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APRA consults on prudential reporting requirements for Basel II enhancements

Wednesday 5 May 2010


The Australian Prudential Regulation Authority (APRA) has released for consultation a discussion paper and proposed amendments to relevant prudential reporting standards and forms in relation to proposals to enhance the Basel II Framework in Australia.

In December 2009, APRA released a package of proposed changes to prudential standards and prudential practice guides (PPGs) for authorised deposit-taking institutions (ADIs) to reflect enhancements to the Basel II Framework adopted by the Basel Committee on Banking Supervision (BCBS) in July last year. The Basel II enhancements are part of a broader work program undertaken by the BCBS to strengthen regulatory capital, risk management and supervision requirements.

In its December 2009 package, APRA indicated that the Basel II enhancements will require changes to APRA’s reporting standards and reporting forms for both ADIs and consolidated banking groups. The consultation package released today addresses proposed changes to reporting requirements for the following prudential standards:

  • Prudential Standard APS 111 Capital Adequacy: Measurement of Capital (APS 111);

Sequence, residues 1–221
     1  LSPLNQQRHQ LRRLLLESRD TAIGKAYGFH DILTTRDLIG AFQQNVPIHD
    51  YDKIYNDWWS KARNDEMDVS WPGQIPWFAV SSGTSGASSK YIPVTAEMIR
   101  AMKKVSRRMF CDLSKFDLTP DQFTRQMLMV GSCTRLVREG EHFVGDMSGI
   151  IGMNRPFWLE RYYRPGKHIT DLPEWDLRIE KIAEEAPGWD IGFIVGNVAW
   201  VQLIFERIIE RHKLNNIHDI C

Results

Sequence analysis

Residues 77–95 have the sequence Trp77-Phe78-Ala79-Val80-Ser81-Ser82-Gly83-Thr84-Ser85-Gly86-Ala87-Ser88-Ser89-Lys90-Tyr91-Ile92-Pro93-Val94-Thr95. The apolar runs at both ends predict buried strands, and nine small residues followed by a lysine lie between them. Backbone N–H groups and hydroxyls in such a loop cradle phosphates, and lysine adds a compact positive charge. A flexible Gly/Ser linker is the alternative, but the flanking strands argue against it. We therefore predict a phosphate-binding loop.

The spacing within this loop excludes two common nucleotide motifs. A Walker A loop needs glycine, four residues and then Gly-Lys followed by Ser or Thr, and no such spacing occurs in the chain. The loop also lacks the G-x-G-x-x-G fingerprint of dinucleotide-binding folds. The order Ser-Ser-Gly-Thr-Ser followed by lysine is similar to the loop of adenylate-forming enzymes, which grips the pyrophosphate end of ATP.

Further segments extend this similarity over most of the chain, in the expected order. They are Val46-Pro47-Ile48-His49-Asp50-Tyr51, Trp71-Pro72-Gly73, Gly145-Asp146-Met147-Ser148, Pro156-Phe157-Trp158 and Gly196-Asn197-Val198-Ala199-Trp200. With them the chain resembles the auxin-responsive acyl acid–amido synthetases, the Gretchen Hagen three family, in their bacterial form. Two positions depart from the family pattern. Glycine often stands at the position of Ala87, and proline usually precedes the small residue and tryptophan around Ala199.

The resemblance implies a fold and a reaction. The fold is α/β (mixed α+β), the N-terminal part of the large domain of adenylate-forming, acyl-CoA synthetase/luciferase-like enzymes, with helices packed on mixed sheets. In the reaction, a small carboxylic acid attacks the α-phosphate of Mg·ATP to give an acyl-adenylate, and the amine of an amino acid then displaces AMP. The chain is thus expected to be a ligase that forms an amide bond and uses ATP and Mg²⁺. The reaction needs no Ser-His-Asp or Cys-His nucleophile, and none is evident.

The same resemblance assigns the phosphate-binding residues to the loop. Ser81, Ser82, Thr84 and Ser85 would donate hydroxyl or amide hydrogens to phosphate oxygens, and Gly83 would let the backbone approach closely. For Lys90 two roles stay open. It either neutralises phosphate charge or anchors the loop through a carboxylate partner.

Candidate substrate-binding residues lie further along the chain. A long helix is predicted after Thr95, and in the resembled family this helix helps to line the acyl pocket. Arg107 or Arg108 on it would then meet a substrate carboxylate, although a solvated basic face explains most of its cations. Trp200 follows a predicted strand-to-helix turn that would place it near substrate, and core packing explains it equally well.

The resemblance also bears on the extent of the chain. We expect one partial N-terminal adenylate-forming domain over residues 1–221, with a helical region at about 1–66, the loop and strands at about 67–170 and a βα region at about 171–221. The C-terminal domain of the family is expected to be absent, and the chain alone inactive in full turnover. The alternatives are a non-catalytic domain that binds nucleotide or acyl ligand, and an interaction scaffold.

• Prudential Standard APS 116 Capital Adequacy: Market Risk (APS 116); and
  • Prudential Standard APS 120 Securitisation (APS 120).

The discussion paper and the associated draft reporting standards and reporting forms are available on APRA’s website. 

Written submissions in relation to the consultation package should be submitted by 1 June 2010.

Subject to consultation, APRA intends to issue final reporting standards and reporting forms in mid 2010. These will accompany the release of the associated final prudential standards and PPGs and are expected to be implemented from 1 January 2011. The first submission of quarterly data required from ADIs will relate to the reporting period ending 31 March 2011.

The Australian Prudential Regulation Authority (APRA) is the prudential regulator of the financial services industry. It oversees banks, credit unions, building societies, general insurance and reinsurance companies, life insurance, private health insurers, friendly societies, and most members of the superannuation industry. APRA currently supervises institutions holding $6 trillion in assets for Australian depositors, policyholders and superannuation fund members.